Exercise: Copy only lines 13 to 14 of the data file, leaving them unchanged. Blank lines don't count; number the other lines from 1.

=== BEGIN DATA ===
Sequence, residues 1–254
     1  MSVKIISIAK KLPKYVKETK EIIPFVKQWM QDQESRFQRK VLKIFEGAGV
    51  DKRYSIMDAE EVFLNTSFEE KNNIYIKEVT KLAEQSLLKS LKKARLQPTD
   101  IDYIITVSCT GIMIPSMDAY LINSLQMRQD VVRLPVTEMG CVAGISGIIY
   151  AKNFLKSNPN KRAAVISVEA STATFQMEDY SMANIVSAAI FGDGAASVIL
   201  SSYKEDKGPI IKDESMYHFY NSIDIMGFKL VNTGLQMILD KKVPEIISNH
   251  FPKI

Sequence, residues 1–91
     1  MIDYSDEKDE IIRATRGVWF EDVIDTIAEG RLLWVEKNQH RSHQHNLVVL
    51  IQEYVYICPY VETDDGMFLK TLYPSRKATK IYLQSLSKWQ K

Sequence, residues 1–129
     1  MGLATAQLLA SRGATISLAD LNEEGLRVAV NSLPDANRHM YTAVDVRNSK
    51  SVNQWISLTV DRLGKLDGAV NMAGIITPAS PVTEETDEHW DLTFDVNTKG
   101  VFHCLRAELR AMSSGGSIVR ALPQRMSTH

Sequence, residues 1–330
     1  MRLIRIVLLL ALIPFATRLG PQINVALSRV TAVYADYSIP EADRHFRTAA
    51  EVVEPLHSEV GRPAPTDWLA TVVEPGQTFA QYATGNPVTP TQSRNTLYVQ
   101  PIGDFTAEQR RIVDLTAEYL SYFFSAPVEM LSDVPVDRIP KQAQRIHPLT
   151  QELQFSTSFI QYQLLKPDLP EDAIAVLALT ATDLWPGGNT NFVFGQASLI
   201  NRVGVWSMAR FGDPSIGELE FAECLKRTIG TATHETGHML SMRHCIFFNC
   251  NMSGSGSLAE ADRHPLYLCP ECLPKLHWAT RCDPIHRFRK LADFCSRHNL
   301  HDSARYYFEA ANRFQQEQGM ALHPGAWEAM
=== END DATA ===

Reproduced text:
    51  SVNQWISLTV DRLGKLDGAV NMAGIITPAS PVTEETDEHW DLTFDVNTKG
   101  VFHCLRAELR AMSSGGSIVR ALPQRMSTH